Another thing that bothered me was the money. There were about 30 pupils in the house. Private patients payed, at that time, 100 guilders per day. Part of the pupils were payed for by the Dutch Department of Corrections. According to Dutch law you can spend the last months of a prison sentence in a rehab-facility. The state payed 150 guilders a person a day. That totals about 3500 guilders a day. The groceries were about 200 guilders a day, of-course they had to pay mortgage on the house and the electricity bill, but 30 x 3500 makes a whopping monthly 105.000 Guilders a month (about 40.000 US$).Average per capita income in those days was about 1800 Gld. a month. Except for the director all of the staff volunteered, so hardly any costs were made on personnel.
Nevertheless we all had to write letters to businesspeople, in which we told about our addiction, our wish to become a productive member of society again and our poor widowed mother who couldn't pay for treatment. If they could be so kind to give something, completely tax-deductible, they would do so much good for the world.....Addresses came from the yellow pages, chamber of commerce, business-guides etc. Every story was a great big lie, copied from printed examples, but 30 people writing up to 100 letters every day make up for a lot of donations, even if only one percent would give something.
I asked where all the money went, why we had to eat cheap starchy food with chemical colorants and few proteins and vitamins in spite of all the ranting about food chemicals storing in our body fat. It sure is easier not to put them in in the first place, instead of spending hours in sauna's to get rid of them. And why sit on smelly second hand furniture with burn-holes when there was such a stream of money coming in? No answers.
When in full withdrawal from opiates you have little control over your emotions.
You laugh and cry at the most inappropriate moments. I started laughing during the daily LRH-greeting ritual and they became so angry, it scared me. They reacted as if I was painting pentagrams in a Baptist church.
I didn't mean anything disrespectful, it was just the idea that struck me as being funny.
I was taken to the office and three or four staff-members were browbeating me about being respectful of their religion. What religion? I was told they were religiously neutral, an independent and secular foundation that only used some of L.Ron's techniques.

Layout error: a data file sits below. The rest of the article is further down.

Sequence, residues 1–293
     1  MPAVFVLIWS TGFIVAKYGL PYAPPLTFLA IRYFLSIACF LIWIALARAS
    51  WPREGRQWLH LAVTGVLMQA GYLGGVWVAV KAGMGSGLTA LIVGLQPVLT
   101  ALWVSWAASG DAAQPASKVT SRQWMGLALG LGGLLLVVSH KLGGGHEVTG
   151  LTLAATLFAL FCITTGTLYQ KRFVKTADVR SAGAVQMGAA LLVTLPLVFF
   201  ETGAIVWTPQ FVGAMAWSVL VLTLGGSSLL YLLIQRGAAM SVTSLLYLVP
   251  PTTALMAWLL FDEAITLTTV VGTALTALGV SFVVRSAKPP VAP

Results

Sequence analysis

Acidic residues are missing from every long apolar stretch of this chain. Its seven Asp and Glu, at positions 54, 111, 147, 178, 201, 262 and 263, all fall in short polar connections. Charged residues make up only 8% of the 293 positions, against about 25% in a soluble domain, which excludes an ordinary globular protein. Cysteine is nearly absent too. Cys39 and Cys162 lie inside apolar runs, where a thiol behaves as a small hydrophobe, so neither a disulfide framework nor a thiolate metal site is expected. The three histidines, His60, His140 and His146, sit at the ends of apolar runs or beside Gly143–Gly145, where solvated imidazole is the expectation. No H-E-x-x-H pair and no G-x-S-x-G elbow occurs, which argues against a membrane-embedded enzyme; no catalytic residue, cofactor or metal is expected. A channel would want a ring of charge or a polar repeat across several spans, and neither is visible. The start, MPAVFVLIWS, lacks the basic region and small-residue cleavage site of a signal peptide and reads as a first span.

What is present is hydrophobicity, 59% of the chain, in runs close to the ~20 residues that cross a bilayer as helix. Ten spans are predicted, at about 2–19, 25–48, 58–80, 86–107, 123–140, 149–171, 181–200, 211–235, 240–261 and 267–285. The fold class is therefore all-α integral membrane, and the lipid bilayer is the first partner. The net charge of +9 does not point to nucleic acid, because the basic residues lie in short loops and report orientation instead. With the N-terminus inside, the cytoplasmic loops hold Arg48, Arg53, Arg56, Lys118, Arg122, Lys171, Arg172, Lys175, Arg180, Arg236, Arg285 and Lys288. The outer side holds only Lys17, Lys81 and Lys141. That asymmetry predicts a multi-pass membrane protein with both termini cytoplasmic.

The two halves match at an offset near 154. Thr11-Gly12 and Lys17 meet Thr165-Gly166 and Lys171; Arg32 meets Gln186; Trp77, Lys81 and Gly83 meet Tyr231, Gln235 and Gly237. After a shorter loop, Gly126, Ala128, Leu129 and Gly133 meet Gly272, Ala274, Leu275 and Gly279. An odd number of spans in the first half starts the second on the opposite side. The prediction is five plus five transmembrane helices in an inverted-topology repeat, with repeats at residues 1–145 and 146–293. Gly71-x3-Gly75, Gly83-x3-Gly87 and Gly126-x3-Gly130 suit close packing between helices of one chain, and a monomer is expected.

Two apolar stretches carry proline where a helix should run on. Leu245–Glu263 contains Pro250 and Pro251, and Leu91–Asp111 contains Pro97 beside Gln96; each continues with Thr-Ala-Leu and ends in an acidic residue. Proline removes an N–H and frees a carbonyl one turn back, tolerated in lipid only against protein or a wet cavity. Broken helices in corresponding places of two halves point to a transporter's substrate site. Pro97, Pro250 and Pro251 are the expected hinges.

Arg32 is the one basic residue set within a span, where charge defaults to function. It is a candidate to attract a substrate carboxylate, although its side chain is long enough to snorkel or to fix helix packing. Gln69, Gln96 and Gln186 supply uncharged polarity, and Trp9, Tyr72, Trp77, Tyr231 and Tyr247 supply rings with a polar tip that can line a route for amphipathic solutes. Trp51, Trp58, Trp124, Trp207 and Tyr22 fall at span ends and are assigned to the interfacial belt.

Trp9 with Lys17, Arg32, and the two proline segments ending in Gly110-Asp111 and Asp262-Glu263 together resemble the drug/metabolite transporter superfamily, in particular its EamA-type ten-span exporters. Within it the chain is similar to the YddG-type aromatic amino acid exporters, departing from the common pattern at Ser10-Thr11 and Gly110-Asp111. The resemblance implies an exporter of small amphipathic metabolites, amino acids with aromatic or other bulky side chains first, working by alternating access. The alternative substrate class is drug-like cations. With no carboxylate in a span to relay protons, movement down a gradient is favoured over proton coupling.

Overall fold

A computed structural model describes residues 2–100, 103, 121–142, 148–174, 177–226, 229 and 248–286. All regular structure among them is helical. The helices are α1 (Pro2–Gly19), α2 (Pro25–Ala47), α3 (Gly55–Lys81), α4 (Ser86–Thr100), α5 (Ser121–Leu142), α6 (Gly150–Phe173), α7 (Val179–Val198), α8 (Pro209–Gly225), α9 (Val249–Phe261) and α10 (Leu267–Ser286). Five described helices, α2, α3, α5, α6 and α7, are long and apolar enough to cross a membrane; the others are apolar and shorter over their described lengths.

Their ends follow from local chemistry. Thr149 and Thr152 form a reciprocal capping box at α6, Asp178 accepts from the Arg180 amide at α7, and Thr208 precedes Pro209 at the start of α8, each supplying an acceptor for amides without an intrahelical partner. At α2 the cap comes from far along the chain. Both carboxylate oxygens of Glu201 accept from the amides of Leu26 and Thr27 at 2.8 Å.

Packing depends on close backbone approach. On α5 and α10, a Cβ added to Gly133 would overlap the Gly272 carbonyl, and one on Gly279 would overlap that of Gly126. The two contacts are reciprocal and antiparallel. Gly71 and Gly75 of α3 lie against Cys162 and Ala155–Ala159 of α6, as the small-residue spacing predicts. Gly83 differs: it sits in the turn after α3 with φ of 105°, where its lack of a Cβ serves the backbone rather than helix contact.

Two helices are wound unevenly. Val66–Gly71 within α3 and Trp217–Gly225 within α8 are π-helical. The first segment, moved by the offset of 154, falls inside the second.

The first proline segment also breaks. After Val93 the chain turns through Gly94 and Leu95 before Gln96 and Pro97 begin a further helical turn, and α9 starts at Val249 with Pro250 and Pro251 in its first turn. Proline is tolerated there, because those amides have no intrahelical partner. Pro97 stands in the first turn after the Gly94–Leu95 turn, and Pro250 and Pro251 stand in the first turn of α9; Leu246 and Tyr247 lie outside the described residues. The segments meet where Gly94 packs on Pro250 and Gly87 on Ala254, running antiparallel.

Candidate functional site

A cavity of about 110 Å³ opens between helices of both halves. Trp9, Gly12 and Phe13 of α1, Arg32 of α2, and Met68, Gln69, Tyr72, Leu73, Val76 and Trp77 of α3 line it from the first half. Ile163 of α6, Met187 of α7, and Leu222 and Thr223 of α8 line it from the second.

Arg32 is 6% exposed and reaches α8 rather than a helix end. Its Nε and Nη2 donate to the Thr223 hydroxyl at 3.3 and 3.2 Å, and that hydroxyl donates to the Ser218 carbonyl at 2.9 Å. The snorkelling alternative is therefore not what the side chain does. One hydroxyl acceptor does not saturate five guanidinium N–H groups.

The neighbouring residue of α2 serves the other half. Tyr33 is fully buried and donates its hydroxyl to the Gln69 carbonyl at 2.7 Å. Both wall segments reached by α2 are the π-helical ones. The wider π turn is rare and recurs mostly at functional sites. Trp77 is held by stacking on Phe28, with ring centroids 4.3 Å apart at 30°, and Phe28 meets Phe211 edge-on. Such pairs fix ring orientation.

Meanwhile they forbade people to read non-CoS religious books during treatment. They grudgingly allowed the Bible because it would cause too much adverse publicity to ban Bible-reading and the
Department of Correction-inmates had the constitutional right to the H. Script. But the Holy Books of other faiths were outright forbidden. Especially the books of the Bhagwan were scorned, probably because Rajneesj was the greatest contender on the souls-in-need market at the time.
I turned my head away to avoid the anger in their eyes and happened to see some faxes from the CoS HQ in Los Angeles. Couldn't really read them, but I could see they were about money. Meanwhile I was getting really sick from withdrawal, and still hadn't seen a doctor. Bob was there for almost two weeks by then, but he also hadn't seen a doctor yet.
Despite this lack of medical care he'd been through the worst of detox and had been in the sauna for several days. They say you get the sauna-treatment only after a thorough medical checkup, but only if the right doctor is at hand.
Rules are stricter now. Since the nineties several people died from heatstroke and exhaustion after the sauna, but in those days they were rather easy on the medical, in Holland at least. We didn't have wrongful damages and malpractice-trials and things like that in those days. By now we have. Suing is not just an American hobby anymore.
Anyway, the whole thing started to awake the innate sceptic in me. Too many things just didn't fit.
I'll finish my story in my next post. Time to go to bed now. Folks, thanks for reading, sharing and encouraging me to get this out. Love, Sekh.